October 3, 2012
Zinc Deficiency Can Lead To Cancer, Diabetes, Other Diseases
Connie K. Ho for redOrbit.com — Your Universe Online
Researchers from Oregon State University (OSU) recently found that a zinc deficiency mechanism is related to aging and a number of diseases.The study highlights how a lack of zinc can cause difficulties for the immune system as well as heightened inflammation, thus leading to other health problems like autoimmune disease, cancer, diabetes and heart disease.
“Some inflammation is normal, a part of immune defense, wound healing and other functions,” explained Emily Ho, a principal investigator with the Linus Pauling Institute and an associate professor in OSU School of Biological and Population Health Sciences, in a news release. “But in excess, it´s been associated with almost every degenerative disease you can think of, including cancer and heart disease. It appears to be a significant factor in the diseases that most people die from.”
In particular, scientists form the Linus Pauling Institute at OSU collaborated with researchers at the OSU College of Public Health and determined that zinc is especially important for the elderly as their ability to absorb zinc declines over time. The findings from the study were recently featured in the Journal of Nutritional Biochemistry.
“The elderly are the fastest growing population in the U.S. and are highly vulnerable to zinc deficiency,” continued Ho in the statement. “They don´t consume enough of this nutrient and don´t absorb it very well.”
The researchers conducted a study with laboratory animals and discovered that zinc transporters were impaired in older animals. The animals appeared to have a higher amount of inflammatory response due to the low levels of zinc. The team of investigators experimented by giving the animals nearly 10 times their normal dietary requirement for zinc and saw that the biomarkers of inflammation returned to the level found in younger animals.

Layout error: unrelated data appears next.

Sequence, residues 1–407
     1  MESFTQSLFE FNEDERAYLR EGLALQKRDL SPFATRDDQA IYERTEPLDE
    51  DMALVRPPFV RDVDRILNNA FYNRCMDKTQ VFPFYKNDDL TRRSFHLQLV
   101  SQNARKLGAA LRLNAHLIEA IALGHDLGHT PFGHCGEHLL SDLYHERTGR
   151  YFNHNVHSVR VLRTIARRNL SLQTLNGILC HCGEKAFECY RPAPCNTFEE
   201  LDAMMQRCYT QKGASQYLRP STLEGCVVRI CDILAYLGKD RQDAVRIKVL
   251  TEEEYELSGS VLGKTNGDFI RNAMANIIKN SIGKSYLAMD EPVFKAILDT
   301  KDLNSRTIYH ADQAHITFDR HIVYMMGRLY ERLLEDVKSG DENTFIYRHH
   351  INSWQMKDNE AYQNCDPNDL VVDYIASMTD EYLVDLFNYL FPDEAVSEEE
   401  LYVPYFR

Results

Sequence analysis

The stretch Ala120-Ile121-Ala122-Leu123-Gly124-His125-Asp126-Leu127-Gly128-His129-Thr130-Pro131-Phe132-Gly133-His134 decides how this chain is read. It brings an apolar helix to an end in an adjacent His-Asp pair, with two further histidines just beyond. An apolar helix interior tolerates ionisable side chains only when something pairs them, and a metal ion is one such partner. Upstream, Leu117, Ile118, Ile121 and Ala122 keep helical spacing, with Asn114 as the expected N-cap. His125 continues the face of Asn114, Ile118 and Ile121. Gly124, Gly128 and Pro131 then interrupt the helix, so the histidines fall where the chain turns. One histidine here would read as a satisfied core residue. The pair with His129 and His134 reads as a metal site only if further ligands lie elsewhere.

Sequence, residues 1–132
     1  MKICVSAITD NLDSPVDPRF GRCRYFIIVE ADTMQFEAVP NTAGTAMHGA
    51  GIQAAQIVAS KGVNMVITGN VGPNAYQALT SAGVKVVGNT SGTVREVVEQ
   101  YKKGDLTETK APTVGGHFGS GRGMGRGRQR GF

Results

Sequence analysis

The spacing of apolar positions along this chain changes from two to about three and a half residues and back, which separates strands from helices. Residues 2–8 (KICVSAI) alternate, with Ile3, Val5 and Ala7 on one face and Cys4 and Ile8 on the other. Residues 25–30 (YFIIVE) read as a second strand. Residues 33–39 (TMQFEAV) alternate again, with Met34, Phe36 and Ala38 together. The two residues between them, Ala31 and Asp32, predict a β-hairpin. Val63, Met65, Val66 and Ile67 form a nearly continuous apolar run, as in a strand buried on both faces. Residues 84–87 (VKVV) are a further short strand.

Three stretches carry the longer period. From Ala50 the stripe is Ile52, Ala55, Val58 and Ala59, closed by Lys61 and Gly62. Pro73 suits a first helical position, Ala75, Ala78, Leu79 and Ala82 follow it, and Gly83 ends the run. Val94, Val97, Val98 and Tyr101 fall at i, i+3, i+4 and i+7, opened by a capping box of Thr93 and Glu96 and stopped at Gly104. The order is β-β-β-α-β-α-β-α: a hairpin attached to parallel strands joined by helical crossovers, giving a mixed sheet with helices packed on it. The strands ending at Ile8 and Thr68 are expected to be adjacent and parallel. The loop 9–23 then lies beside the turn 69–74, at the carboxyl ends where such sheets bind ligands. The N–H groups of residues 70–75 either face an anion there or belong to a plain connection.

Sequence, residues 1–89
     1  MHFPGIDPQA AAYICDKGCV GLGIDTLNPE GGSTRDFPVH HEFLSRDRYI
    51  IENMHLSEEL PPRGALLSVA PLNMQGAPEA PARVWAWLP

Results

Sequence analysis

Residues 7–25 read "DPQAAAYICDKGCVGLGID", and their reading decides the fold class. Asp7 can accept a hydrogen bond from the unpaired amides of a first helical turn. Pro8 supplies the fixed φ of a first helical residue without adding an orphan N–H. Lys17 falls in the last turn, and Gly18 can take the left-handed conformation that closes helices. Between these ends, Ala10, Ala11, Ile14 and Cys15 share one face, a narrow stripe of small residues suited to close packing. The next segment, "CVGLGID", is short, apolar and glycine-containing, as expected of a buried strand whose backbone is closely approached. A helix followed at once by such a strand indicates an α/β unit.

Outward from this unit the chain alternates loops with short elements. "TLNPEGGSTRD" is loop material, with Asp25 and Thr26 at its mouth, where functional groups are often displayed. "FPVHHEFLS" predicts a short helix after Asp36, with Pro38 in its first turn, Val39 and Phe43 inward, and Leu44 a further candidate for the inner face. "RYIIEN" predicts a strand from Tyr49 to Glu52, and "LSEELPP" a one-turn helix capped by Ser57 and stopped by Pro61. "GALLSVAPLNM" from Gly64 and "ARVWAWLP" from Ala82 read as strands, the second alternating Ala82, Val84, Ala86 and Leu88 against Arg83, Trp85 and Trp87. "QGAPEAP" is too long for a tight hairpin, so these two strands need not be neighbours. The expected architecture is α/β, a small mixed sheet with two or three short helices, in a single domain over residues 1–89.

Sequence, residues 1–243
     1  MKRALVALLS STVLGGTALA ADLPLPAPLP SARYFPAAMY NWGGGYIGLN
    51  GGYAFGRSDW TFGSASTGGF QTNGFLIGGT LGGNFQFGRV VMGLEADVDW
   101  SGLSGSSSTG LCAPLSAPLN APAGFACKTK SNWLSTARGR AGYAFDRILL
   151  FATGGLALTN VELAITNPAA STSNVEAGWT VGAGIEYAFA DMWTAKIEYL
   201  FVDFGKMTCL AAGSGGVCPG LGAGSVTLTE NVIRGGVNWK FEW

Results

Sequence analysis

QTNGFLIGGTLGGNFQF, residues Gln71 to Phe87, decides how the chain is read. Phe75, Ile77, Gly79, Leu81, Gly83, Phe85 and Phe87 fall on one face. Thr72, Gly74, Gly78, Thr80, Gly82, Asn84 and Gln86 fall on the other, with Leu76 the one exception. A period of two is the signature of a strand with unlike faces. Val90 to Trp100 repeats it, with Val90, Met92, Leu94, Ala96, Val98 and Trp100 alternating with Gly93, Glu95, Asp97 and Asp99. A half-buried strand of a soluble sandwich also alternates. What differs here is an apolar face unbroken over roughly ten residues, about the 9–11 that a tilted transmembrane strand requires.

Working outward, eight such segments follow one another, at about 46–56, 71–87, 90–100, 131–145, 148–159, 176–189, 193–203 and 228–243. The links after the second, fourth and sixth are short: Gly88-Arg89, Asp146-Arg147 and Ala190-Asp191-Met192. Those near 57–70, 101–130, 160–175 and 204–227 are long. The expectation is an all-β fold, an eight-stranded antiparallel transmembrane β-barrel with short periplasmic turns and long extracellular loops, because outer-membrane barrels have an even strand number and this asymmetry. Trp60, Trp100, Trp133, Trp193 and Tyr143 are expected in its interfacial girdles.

“We´ve previously shown in both animal and human studies that zinc deficiency can cause DNA damage, and this new work shows how it can help lead to systemic inflammation,” noted Ho in the statement.
Based on the findings of the study, the researchers recommend that aging adults include a dietary supplement of a full amount of the recommended dietary allowance of zinc. Males should take 11 milligrams a day of zinc, while females should take 8 milligrams. According to the National Institute of Health, zinc is found a number of foods and helps propel cellular metabolism. Beans, dairy products, fortified cereals nuts, some types of seafood and whole grains are just a few food items that contain zinc. Those who may be at risk for zinc deficiency include vegetarians, pregnant and lactating women, people with sickle cell disease or gastrointestinal disease and alcoholics.
“We found that the mechanisms to transport zinc are disrupted by age-related epigenetic changes,” commented the study´s co-author Carmen Wong, an OSU research associate, in the statement. “This can cause an increase in DNA methylation and histone modifications that are related to disease processes, especially cancer. Immune system cells are also particularly vulnerable to zinc deficiency.”
Overall, researchers believe that zinc is necessary to help protect the body from DNA damage and oxidative stress. With low levels of zinc corresponding to aging, it becomes more and more difficult for the body to heal from any genetic damage that occurs. Due to the difficulties of assessing zinc deficiency with tests, the scientists recommend that individuals make sure to have the right amount of zinc through diet and supplements.